In our beloved, land-locked nation of Zambia, the government has demonstrated encouraging foresight and pragmatism in guiding the country's efforts to mitigate the causes of the climate crisis and, more relevant to low-emitting African states such as Zambia, adapt to the hazards it brings.
Although some of the world's most powerful political figures are liable to deny it, we in Africa are living with the consequences of climate change every day in new ways. The impact is inescapable. Indeed, over the last several years, the 1.2 billion people living on our proud continent - the second largest population in the world - have suffered significantly the adverse effects of historic droughts, floods, storms and other severe weather events made ever more common by the warming of our planet.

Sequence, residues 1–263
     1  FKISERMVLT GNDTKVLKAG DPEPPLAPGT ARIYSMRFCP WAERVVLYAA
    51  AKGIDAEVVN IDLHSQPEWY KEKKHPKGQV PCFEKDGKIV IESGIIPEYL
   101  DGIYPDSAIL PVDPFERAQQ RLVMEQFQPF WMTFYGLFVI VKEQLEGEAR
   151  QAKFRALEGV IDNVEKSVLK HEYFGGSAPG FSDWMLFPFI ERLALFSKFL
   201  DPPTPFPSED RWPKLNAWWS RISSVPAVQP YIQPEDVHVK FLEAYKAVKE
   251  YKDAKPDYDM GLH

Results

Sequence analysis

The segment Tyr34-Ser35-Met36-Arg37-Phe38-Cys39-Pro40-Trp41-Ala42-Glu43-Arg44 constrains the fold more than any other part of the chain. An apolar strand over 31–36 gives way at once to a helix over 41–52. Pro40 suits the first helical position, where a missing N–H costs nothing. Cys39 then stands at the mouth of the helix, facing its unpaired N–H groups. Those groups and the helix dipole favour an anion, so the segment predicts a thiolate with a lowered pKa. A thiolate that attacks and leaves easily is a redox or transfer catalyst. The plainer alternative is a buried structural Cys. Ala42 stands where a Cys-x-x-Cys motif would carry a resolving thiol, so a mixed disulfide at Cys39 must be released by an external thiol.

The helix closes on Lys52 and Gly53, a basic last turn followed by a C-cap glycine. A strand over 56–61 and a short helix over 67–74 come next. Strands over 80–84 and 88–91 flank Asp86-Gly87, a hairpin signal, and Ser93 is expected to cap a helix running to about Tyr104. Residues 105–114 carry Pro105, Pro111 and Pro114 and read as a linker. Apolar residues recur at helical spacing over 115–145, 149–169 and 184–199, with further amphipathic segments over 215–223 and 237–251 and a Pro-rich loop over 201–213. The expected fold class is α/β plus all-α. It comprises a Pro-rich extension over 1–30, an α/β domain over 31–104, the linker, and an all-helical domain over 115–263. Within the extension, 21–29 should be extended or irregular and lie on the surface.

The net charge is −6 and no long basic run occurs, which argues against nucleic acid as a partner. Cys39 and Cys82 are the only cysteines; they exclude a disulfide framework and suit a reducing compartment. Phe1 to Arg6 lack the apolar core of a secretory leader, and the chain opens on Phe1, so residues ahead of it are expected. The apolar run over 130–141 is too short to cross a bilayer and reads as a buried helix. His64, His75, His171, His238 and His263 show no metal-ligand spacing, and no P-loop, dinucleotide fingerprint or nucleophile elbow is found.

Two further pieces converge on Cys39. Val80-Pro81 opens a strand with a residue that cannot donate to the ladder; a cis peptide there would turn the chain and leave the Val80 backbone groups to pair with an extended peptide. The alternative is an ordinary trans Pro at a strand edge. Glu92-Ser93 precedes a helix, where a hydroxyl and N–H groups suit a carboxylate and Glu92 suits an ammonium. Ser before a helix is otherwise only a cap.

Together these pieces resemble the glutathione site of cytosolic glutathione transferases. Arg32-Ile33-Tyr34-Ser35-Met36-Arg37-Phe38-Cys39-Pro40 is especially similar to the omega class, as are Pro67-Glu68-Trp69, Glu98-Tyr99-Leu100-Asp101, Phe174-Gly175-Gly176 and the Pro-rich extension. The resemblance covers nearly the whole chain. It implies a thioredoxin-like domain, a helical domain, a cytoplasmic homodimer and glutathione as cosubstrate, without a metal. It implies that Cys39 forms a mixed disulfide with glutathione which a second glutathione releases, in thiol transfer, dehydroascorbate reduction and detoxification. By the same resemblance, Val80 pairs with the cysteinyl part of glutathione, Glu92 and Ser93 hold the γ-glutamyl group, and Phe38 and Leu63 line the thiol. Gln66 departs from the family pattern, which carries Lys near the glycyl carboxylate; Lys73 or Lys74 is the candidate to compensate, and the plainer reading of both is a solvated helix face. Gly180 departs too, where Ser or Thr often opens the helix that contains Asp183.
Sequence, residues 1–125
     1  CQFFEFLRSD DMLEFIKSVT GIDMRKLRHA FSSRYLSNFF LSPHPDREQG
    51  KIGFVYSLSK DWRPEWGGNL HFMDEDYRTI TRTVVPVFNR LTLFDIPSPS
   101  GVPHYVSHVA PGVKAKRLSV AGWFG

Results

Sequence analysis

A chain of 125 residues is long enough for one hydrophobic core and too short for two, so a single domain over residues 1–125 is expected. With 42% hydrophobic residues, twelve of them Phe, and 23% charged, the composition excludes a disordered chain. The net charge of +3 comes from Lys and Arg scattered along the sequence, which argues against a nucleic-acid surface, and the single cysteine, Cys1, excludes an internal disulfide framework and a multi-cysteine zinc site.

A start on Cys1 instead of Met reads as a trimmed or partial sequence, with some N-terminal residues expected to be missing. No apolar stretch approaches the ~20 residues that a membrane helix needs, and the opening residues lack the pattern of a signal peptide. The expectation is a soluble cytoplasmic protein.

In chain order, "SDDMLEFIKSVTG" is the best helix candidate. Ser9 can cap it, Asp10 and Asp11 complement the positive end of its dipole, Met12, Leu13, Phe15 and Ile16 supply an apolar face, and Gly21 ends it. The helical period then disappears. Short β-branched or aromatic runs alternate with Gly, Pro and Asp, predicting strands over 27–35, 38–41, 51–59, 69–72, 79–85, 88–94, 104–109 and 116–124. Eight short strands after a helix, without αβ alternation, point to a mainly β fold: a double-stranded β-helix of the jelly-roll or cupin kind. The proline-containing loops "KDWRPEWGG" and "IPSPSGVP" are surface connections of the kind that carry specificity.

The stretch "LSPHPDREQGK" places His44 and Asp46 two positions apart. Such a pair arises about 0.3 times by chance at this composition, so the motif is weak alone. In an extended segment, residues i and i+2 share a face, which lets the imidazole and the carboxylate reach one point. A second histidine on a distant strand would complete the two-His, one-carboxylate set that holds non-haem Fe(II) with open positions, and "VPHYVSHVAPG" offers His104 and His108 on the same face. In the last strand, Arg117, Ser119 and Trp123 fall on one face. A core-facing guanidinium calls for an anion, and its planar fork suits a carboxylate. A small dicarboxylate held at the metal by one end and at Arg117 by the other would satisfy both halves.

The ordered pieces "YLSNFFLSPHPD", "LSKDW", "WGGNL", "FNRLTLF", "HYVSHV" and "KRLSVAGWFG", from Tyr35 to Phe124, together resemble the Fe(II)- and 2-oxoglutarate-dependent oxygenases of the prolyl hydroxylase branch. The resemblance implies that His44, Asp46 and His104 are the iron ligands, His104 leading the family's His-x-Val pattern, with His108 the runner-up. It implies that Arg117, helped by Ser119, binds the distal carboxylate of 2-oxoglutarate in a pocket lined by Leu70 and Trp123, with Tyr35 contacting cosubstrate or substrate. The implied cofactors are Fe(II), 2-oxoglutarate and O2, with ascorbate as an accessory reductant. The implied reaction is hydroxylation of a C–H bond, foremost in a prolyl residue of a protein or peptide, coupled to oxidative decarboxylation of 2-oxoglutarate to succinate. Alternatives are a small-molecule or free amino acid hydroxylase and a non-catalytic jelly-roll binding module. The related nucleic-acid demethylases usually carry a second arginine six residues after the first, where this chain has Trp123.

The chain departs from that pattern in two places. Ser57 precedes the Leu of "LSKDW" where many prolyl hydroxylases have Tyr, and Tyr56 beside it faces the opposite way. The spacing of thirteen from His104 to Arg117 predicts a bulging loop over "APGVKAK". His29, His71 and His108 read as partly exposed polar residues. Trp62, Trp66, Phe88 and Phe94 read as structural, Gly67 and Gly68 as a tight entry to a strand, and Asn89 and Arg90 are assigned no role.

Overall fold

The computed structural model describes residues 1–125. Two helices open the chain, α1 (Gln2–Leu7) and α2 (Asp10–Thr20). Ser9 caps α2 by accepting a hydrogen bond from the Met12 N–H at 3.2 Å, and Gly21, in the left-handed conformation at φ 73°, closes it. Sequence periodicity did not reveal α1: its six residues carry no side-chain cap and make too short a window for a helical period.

The world's climate scientists, economists, development specialists, urban planners, engineers and any number of other experts among society's public, private and academic spheres agree that these unnatural weather patterns are, more likely than not, destined to become the norm in sub-Saharan Africa and beyond.
Their conclusion? Governments of the world must re-evaluate their national priorities, and allocate far greater attention and resources to adapting their respective economies to this new normal, a...